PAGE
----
Such a formulation suggests that such an explanation was possible; in other words, that Obama was pursuing a policy that was ultimately in the interests of working people, but failed to communicate it properly. The truth is far different: Obama's policies were determined solely by the interests of the banks and corporations, and it proved impossible for him to disguise this fact from the working class. The Madison Avenue techniques and rhetoric of "hope" and "change" employed during the 2008 presidential campaign proved inadequate for gulling the masses indefinitely in the face of continued double-digit unemployment and declining living standards.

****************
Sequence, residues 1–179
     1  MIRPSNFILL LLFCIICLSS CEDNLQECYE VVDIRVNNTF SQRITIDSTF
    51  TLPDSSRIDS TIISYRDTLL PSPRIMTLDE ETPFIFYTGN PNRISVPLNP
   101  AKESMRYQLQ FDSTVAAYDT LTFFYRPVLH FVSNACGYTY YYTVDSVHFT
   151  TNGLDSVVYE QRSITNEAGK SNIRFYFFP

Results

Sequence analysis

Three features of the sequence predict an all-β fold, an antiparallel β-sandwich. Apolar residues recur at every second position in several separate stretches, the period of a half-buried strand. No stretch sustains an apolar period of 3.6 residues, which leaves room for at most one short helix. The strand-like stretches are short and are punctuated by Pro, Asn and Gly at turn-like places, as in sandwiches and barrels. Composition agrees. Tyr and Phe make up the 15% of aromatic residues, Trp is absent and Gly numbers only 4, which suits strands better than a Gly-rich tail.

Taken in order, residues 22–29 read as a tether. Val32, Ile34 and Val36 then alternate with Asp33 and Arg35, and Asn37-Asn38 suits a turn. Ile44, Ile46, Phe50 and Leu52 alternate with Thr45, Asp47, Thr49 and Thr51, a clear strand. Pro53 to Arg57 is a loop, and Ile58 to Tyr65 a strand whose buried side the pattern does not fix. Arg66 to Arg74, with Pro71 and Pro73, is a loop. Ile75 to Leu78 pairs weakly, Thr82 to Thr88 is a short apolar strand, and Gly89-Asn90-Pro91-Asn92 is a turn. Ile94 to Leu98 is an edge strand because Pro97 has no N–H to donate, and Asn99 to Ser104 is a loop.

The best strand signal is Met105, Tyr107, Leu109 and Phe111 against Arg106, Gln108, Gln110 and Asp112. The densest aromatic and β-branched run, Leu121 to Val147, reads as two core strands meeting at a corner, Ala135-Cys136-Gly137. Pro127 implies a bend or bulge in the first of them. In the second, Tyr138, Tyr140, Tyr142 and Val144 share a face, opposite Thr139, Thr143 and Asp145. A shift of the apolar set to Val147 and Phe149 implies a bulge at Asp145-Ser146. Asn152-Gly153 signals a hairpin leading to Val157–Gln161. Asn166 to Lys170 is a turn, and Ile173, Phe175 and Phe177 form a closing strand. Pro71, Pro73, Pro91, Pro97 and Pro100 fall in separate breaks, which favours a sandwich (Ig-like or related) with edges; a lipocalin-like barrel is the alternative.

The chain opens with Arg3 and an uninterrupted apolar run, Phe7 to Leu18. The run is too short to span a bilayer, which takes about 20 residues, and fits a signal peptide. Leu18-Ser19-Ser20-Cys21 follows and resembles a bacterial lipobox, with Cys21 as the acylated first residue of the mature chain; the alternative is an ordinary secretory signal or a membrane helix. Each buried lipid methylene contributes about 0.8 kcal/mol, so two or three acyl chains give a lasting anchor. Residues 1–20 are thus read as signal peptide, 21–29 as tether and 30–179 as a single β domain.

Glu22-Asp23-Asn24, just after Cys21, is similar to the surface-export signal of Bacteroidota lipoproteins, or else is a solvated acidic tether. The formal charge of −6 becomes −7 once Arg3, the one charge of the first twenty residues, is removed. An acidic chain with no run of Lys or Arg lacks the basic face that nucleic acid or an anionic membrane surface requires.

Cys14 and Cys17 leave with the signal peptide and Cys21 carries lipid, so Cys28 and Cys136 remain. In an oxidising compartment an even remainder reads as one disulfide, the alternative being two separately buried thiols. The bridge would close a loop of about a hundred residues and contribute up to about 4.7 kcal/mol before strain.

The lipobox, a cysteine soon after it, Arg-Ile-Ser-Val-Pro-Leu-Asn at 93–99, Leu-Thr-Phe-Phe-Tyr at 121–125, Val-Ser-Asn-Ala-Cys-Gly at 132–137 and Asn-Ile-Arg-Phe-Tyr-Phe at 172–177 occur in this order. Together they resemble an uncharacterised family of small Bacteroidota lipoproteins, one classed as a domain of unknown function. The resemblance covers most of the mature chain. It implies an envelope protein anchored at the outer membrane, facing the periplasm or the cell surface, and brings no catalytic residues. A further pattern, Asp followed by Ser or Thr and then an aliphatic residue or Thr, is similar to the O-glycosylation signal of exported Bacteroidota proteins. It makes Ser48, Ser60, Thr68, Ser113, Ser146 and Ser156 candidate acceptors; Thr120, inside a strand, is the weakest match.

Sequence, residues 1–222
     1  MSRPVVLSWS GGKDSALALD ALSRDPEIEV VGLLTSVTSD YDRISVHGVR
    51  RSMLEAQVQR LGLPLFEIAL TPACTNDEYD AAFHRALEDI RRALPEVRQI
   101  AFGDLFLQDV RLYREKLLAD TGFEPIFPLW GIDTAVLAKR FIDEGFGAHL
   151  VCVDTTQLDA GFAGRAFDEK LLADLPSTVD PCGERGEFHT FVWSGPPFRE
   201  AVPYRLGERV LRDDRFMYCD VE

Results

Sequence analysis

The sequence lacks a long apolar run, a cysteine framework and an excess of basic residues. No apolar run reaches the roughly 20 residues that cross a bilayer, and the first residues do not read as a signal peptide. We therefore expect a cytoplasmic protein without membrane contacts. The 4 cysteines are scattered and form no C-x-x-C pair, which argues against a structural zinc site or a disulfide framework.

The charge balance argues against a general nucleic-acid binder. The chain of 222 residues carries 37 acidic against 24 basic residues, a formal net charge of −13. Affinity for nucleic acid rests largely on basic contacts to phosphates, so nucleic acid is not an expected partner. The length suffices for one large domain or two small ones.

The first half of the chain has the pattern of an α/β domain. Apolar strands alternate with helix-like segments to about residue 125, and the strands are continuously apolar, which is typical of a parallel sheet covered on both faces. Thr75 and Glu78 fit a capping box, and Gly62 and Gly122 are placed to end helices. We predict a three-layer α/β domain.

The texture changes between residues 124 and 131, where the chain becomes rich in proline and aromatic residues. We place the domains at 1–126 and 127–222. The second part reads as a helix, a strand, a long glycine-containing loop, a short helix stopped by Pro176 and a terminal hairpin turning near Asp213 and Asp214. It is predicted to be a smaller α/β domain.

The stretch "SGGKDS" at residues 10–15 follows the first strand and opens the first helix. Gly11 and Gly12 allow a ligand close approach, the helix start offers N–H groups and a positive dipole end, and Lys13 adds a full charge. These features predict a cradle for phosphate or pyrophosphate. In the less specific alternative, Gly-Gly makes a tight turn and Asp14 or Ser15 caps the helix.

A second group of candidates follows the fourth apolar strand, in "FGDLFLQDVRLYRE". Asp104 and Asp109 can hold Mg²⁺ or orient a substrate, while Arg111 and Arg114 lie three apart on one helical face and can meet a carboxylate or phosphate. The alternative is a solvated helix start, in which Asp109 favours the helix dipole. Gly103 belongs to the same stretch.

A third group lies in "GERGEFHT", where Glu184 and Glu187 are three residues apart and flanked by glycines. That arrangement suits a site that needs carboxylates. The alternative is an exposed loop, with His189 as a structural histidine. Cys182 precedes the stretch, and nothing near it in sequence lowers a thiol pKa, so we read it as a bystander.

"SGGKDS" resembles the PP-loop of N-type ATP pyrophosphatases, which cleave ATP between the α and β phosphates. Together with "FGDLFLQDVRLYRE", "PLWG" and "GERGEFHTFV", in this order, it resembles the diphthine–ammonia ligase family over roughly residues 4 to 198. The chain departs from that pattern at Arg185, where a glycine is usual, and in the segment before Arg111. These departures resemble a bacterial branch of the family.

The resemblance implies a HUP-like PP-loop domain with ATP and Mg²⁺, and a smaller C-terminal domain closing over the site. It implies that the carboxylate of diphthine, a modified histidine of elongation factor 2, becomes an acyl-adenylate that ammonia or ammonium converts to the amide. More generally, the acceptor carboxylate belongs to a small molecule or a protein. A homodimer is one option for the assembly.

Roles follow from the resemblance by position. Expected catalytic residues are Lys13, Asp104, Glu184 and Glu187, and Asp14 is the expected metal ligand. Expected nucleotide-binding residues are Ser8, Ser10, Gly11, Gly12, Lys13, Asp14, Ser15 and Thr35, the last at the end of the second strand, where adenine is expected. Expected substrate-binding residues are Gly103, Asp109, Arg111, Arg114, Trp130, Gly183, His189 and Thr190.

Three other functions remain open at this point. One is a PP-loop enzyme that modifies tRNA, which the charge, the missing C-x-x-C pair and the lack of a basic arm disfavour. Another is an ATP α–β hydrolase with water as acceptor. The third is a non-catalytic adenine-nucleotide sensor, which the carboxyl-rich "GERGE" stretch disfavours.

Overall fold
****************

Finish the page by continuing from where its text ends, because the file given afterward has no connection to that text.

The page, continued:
Westen concludes by effectively throwing up his hands over the recent confrontation between the Republican-controlled House of Representatives and the Obama administration over raising the federal debt ceiling and cutting the federal deficit. He describes the deficit debate as divorced from the real concerns of the American people about jobs and the ongoing economic slump, but expresses bewilderment about Obama's role.
"Like most Americans, at this point," he concludes, "I have no idea what Barack Obama -- and by extension the party he leads -- believes on virtually any issue." This is only because he refuses to take seriously what Obama himself has said in the course of the deficit talks: that he supports massive cuts in entitlement programs, including Social Security, and that he supports the most modest of tax increases on the wealthy in order to provide a patina of "fairness" and "shared sacrifice," without materially affecting the super-rich.